Shifts in Global CCI Soil Moisture Trends
Verbesselt, Jan1; Dorigo, Wouter2; De Jong, Rogier3; Herold, Martin1
1Wageningen University, NETHERLANDS; 2Vienna University of Technology, AUSTRIA; 3University of Zurich, SWITZERLAND
Soil moisture is one of the main drivers of the exchange of water, energy, and carbon between the land surface and atmosphere. The ESA Climate Change Initiative (CCI) soil moisture data records exceeds a 40-year time span (1972--2010). The existence of monotonic changes present in the merged satellite-based surface soil moisture product (SM-MW, 1988-2010) have been previously demonstrated (Dorigo et al. 2012). However, information on timing and type of such trend shifts lack at global scale. Timing and type contain essential complementary information for the interpretation of trend shifts, in particular when deriving the impact of changes from such data (Verbesselt et al. 2010, 2012, De Jong et al. in review). In this work, we detect major shifts in CCI soil moisture trends (1988-2010) and their associated type and timing. We specifically focus on the differentiation between changes caused by a change in the input sensor constellation versus climate and anthropological driven changes.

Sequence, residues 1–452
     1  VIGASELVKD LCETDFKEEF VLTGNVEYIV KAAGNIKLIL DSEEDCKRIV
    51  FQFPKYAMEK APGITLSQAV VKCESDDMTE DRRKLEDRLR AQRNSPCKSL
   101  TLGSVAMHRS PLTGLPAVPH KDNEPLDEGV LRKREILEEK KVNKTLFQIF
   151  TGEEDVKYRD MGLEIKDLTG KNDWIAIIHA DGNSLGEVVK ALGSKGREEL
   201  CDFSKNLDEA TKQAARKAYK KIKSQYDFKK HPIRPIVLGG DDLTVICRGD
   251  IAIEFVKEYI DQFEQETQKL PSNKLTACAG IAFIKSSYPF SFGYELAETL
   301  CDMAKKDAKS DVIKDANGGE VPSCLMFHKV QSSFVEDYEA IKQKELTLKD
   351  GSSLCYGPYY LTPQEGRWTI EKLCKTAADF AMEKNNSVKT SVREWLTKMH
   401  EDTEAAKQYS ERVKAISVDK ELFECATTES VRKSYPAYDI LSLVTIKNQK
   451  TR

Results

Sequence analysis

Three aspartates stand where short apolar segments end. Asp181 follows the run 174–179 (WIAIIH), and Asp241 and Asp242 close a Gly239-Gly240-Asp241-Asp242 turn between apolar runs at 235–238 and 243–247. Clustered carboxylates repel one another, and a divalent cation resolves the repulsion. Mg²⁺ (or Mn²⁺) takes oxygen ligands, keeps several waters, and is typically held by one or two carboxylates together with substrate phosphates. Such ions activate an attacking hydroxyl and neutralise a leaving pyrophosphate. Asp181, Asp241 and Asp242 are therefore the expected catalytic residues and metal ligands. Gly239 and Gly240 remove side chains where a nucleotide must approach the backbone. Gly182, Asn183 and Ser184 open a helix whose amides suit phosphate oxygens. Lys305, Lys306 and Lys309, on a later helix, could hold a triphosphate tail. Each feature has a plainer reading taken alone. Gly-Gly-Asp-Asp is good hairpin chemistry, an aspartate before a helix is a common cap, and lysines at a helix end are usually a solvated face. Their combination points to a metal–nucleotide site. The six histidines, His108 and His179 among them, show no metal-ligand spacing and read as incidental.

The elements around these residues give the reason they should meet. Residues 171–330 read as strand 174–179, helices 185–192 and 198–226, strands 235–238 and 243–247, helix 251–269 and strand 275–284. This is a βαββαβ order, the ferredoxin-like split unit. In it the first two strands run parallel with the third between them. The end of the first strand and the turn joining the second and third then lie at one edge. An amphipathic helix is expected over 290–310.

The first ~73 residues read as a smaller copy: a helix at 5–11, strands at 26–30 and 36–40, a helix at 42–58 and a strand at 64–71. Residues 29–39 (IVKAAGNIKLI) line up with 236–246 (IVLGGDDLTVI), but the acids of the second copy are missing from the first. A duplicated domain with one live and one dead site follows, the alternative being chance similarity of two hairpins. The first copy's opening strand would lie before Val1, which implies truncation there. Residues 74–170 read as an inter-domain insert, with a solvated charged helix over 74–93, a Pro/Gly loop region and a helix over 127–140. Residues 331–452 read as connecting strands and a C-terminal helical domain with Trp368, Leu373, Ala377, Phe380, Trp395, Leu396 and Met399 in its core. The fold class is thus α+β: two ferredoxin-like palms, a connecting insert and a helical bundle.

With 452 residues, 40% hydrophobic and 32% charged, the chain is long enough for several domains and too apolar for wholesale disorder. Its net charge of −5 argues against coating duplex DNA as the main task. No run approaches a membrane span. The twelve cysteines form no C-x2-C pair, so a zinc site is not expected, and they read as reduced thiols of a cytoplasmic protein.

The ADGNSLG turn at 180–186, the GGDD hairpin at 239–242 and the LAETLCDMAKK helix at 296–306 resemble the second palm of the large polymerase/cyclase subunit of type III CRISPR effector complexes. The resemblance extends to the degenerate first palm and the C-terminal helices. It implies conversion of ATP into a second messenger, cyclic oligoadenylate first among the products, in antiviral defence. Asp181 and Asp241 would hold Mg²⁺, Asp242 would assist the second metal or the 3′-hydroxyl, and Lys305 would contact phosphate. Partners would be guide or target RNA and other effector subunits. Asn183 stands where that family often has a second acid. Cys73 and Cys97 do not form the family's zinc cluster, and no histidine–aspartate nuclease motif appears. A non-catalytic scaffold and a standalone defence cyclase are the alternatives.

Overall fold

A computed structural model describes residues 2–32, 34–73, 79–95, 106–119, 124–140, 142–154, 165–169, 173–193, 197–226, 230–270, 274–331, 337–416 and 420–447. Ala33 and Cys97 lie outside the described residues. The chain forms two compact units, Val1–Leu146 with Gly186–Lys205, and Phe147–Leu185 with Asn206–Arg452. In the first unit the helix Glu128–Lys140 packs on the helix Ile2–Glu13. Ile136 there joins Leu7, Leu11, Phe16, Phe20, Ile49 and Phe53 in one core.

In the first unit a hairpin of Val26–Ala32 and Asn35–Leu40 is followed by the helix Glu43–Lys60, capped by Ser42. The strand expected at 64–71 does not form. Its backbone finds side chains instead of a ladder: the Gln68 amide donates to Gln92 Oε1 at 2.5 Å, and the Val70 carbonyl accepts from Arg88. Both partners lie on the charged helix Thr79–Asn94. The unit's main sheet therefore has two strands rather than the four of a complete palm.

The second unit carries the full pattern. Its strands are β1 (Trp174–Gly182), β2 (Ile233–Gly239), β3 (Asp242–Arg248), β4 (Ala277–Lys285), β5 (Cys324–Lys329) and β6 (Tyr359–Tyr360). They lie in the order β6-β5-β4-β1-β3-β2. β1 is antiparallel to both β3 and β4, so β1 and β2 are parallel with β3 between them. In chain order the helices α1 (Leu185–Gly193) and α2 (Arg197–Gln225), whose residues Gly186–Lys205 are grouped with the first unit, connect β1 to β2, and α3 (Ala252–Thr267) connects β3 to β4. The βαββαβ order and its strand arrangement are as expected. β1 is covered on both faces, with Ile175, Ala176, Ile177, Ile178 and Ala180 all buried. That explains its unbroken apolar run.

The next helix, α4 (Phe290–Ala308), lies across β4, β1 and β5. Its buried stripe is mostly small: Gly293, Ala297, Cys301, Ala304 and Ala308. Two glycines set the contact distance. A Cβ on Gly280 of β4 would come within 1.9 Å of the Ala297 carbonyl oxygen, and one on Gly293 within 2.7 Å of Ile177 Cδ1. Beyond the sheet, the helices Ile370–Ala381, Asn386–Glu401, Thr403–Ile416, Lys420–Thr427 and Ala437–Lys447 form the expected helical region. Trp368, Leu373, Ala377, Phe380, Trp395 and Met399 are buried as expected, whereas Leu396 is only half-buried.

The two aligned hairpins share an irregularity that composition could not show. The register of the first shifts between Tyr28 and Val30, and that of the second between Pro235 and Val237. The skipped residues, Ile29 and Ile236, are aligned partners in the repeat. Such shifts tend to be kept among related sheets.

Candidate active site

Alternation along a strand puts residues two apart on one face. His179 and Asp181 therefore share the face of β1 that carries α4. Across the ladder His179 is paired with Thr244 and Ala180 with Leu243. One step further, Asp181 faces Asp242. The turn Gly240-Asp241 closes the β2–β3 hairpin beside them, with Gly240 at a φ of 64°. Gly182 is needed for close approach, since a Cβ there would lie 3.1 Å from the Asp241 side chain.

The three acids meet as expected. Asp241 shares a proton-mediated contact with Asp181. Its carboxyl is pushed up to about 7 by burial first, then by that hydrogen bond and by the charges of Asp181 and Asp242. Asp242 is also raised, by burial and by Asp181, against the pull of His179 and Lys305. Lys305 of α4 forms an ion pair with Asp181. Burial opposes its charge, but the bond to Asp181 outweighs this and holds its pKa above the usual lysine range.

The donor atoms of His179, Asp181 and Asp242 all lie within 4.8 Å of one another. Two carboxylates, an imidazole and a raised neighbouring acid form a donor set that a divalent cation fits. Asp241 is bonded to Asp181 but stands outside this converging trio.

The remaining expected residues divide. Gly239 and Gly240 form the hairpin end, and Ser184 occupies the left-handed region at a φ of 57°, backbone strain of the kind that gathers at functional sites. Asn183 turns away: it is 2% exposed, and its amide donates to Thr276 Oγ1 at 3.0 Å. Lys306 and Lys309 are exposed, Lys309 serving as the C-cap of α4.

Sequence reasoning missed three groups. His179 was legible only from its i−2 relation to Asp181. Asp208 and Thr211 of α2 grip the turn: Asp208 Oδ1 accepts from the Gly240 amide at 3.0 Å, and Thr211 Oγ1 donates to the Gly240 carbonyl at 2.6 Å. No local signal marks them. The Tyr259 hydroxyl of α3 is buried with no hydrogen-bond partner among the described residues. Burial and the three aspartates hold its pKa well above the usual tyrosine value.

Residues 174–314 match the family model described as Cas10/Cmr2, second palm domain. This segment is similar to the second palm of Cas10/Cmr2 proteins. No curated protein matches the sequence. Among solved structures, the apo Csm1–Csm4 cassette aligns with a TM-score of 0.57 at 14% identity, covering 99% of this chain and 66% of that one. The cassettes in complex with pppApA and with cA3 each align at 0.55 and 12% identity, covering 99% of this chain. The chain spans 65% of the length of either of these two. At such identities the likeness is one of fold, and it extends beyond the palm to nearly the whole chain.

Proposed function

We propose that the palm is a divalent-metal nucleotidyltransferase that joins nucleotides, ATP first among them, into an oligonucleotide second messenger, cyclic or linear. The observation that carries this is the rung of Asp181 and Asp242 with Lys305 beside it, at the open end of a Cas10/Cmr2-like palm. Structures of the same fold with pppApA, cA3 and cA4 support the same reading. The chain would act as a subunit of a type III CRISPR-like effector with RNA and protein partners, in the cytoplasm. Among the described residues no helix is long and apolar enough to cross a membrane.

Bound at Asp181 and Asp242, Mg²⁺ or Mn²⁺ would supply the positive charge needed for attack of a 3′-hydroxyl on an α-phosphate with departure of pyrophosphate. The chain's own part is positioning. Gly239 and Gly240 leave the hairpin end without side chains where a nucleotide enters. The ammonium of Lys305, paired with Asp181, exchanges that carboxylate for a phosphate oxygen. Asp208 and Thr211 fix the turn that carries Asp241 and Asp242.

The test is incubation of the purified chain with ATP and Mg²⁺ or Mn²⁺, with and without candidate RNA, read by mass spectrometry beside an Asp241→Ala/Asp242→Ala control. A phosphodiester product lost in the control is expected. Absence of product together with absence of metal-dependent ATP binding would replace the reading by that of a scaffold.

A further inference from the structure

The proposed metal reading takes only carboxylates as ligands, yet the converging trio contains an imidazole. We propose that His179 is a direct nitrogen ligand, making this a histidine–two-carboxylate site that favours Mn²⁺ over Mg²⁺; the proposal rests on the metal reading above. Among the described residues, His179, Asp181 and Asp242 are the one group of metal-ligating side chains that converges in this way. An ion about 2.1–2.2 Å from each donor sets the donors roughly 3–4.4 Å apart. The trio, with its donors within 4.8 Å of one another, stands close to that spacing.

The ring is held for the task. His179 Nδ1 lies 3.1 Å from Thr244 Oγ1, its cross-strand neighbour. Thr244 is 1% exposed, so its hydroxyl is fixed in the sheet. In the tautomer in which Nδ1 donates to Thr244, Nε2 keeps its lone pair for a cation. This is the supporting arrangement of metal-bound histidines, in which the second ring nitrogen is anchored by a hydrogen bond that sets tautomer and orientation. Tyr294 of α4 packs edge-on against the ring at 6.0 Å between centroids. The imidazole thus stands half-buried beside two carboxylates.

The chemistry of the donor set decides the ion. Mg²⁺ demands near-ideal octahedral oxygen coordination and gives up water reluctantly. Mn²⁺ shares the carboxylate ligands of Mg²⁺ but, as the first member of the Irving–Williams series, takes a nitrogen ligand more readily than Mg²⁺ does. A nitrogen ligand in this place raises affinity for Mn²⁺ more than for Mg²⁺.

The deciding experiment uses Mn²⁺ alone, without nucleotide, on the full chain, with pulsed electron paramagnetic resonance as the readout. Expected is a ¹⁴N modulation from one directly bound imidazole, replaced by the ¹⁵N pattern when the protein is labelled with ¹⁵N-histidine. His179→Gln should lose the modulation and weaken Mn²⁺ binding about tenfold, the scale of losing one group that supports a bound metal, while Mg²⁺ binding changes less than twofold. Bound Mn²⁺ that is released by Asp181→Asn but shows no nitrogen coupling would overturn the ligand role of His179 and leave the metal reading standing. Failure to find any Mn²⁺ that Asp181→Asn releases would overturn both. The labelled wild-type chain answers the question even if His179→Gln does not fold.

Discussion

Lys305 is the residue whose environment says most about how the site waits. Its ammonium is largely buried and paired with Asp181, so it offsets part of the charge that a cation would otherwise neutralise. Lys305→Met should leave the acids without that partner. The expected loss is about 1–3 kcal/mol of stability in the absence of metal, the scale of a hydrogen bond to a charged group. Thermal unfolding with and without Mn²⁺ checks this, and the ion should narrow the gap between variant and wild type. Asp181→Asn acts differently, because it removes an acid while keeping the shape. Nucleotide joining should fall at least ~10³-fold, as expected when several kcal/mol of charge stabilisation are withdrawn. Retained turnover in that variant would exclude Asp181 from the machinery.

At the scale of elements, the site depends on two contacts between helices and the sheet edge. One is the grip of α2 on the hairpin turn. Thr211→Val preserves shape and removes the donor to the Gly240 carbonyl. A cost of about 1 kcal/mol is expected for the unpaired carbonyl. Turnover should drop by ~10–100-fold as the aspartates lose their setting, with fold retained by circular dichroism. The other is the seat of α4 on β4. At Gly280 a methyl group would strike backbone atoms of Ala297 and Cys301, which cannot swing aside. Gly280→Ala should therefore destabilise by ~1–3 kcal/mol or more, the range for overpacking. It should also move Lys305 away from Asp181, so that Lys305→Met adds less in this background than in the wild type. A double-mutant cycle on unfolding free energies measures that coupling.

The capacity to characterize major change types spatially and temporally currently forms a gap in our knowledge, but is critical for understanding their impact within a global change context. Changes in soil moisture trends may, for instance, point to (recovery from) major disturbances and sustained structural changes may indicate transitions between different vegetation-activity regimes, i.e. greening or browning and affect carbon exchange (De Jong et al. 2011). We refer to sustained changes, when they are beyond the scale of short-term disturbances (e.g., floods). Especially with today's increasing populations density, higher frequency of weather extremes, and the rise of global atmospheric CO2 concentrations and air temperature, it is critical to assess (1) when and where a trend shift in soil moisture dynamics occurred and (2) what implication the trend shift had on the ecosystem. In this study, we therefore characterize interruptions and trend reversals in soil moisture dynamics (Verbesselt et al. 2010, 2012, De Jong et al. in review) and we demonstrate its application using the latest global soil moisture CCI dataset. We focused on the question ''when and where have major trend shifts occurred and what were their ecological implications''? Detecting changes is the first step towards understanding the process. We, therefore, revisit techniques for the detection of breakpoints in Normalised Difference Vegetation Index time series and our adjustments for major shifts (Verbesselt et al. 2010, 2012). Subsequently, we apply a classification scheme to describe ecologically meaningful change types (De Jong et al. in review). With this combined analysis using global CCI soil moisture records we contribute to the understanding of large-scale structural changes in the biosphere. Key references: 1. Dorigo, W. et al. Evaluating global trends (1988–2010) in harmonized multi-satellite surface soil moisture. Geophys Res Lett 39, L18405 (2012). 2. De Jong, R., Verbesselt, J., Schaepman, M. E. & Bruin, S. Trend changes in global greening and browning: contribution of short-term trends to longer-term change. Global Change Biology 18, 642–655 (2011). 3. Verbesselt, J., Zeileis, A. & Herold, M. Near real-time disturbance detection using satellite image time series. Remote Sens Environ 123, 98-108 (2012). 4. Verbesselt, J., Hyndman, R., Newnham, G. & Culvenor, D. Detecting trend and seasonal changes in satellite image time series. Remote Sens Environ 114, 106-115 (2010). 5. De Jong, R., Verbesselt, J., Zeileis, A. & Schaepman, M. E. Shifts in global vegetation-activity trends. Remote Sensing, 1-17 (In Review)